Safer than sunbathing, as long as you choose a good UV lamp and use it properly
Following on from last week's blog post, I'd like to add some information about #home-phototherapy safety because it is a serious medical treatment and needs to be approached with care and common sense.
Thinking about this whole subject of taking our vitiligo (or psoriasis) treatment into our own hands, it seems to me that staying safe boils down to 3 key considerations:
Am I a good candidate for home phototherapy?
UV therapy has one of the best track records of all treatments for #vitiligo and #psoriasis, so if you have been diagnosed with either condition there is a good chance that phototherapy could be of significant benefit to you. In particular, narrowband UVB is known to stimulate the formation of pigment in vitiligo and to produce faster and longer-lasting improvements in psoriasis than any other UV bandwidth. This is because it uses wavelengths of 311 - 312 nanometres only (the most beneficial component of natural light), meaning it eliminates unnecessary and potentially harmful UV exposure. I don't know enough about how or why it is so successful in treating psoriasis but, in the case of vitiligo, its effectiveness is largely due to the fact that this narrow bandwidth allows new pigment to form in less time than it takes for the skin to burn. In this sense, it is much safer than sunbathing - which is how I obtained my UV exposure when I first started to repigment - because it is carefully targeted and scientifically administered in a way that sunlight can never be, enjoyable though basking in the sunshine undoubtedly is.
In my opinion, the safest way to approach phototherapy, if you are thinking about it for the first time, is to consult with your doctor to make sure it is appropriate for your particular case. Unfortunately, not all general practitioners and dermatologists fully appreciate the massive difference it can make to a person to have new hope and to see even partial improvement in their skin condition. Some are reluctant to refer for outpatient UV treatment and even more unlikely to prescribe home therapy. So don't be afraid to ask for a second, or third, opinion if you feel your request is not being taken seriously.
Ideally, phototherapy should take place in a hospital or clinic environment under full medical supervision, at least to begin with, because this ensures nothing is left to chance and enables the individual to ask questions and learn about how the treatment works, what results to expect and how to avoid any potential pitfalls. However, it isn't always feasible to have this kind of outpatient treatment, which is why new and improved home phototherapy devices have been developed which allow us the flexibility to treat ourselves at home with equal success and equivalent safeguards.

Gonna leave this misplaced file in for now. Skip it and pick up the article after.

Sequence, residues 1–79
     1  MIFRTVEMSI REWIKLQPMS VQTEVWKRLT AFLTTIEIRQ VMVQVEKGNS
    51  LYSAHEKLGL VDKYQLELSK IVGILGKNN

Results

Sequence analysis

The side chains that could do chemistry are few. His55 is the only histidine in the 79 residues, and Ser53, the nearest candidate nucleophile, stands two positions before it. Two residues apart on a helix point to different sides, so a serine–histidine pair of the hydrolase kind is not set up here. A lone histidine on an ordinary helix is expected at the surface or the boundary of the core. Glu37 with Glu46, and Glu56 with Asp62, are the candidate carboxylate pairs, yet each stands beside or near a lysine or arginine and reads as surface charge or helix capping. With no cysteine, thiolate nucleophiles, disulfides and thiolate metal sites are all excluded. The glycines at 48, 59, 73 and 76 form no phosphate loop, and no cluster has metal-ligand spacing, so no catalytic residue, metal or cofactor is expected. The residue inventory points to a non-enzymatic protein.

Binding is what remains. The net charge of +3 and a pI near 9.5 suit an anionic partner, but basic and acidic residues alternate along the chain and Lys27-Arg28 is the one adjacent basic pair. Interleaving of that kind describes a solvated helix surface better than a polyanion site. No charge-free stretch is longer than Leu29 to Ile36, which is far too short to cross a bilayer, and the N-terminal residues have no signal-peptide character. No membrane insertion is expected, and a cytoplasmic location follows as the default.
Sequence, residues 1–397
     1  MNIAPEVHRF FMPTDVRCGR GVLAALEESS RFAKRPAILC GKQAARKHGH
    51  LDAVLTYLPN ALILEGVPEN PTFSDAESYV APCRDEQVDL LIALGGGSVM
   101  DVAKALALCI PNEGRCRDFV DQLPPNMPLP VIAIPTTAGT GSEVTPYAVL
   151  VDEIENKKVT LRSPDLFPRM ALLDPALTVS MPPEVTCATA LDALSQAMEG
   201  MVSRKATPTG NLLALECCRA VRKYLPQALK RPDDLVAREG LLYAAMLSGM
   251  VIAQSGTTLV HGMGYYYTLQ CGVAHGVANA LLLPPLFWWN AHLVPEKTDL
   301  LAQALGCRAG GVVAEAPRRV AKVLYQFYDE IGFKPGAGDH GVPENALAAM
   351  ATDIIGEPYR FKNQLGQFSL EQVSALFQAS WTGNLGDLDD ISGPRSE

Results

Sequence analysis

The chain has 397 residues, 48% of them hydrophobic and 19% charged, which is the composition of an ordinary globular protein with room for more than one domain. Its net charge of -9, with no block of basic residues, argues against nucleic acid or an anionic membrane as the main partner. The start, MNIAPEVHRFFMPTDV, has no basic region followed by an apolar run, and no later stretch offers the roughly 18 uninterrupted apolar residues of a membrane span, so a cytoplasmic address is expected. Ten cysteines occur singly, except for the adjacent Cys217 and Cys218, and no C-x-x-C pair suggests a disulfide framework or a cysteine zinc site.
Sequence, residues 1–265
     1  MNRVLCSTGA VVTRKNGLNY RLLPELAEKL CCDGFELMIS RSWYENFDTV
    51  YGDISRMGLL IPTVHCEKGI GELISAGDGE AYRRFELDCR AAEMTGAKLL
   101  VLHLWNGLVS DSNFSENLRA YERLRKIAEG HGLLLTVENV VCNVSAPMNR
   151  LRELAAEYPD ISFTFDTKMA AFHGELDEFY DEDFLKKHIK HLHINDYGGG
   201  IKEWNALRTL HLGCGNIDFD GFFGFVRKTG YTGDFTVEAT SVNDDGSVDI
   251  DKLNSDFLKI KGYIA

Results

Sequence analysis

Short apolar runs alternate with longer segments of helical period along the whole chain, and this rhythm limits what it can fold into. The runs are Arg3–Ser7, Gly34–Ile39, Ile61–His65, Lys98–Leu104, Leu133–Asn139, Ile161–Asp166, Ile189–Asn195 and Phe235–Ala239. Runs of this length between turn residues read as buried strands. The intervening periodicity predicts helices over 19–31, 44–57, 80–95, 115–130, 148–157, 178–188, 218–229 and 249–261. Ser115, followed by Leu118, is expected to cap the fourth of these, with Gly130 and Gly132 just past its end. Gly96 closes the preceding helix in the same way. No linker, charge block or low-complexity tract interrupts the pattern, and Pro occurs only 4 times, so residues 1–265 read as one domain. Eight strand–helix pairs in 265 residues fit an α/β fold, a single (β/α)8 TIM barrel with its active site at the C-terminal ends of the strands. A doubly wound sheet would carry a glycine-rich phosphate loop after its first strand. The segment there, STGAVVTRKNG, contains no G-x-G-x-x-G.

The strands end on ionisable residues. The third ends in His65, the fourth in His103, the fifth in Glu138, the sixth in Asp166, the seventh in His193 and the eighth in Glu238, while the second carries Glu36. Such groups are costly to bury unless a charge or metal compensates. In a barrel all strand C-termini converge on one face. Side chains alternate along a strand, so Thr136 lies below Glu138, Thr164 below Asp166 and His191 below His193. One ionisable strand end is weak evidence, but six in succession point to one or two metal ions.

This well-researched article - A Practical Approach to Home UVB Phototherapy for the Treatment of Generalized Psoriasis - which is just as relevant to vitiligo, puts the subject into perspective and I would highly recommend reading it if you are considering home treatment for the first time. It offers important advice, covers some crucial safety issues and points to the fact that many doctors are unjustly suspicious of home phototherapy. The article ultimately concludes that:
"Home phototherapy is convenient, cost-effective, and associated with better quality of life compared to outpatient phototherapy […] However, few dermatologists have embraced home phototherapy. When asked why not, they cite inferior efficacy and higher risk, despite the lack of evidence to support these assumptions."
Is my chosen UV device appropriate?
Given that safety and effectiveness should be top priorities in any medical treatment, it makes sense to select a home device very carefully to ensure that it is the right type of product for your needs and that it is good quality. If you were to have this kind of treatment as an outpatient you would quite rightly assume that the hospital has the best equipment for the job. Admittedly, we are likely, as individuals, to have a much more limited budget for our purchase than a hospital but we would be very foolish to compromise standards of quality and safety in favour of the lowest price on the internet. If a UV device is on sale at an amazingly low price, you have to ask yourself why.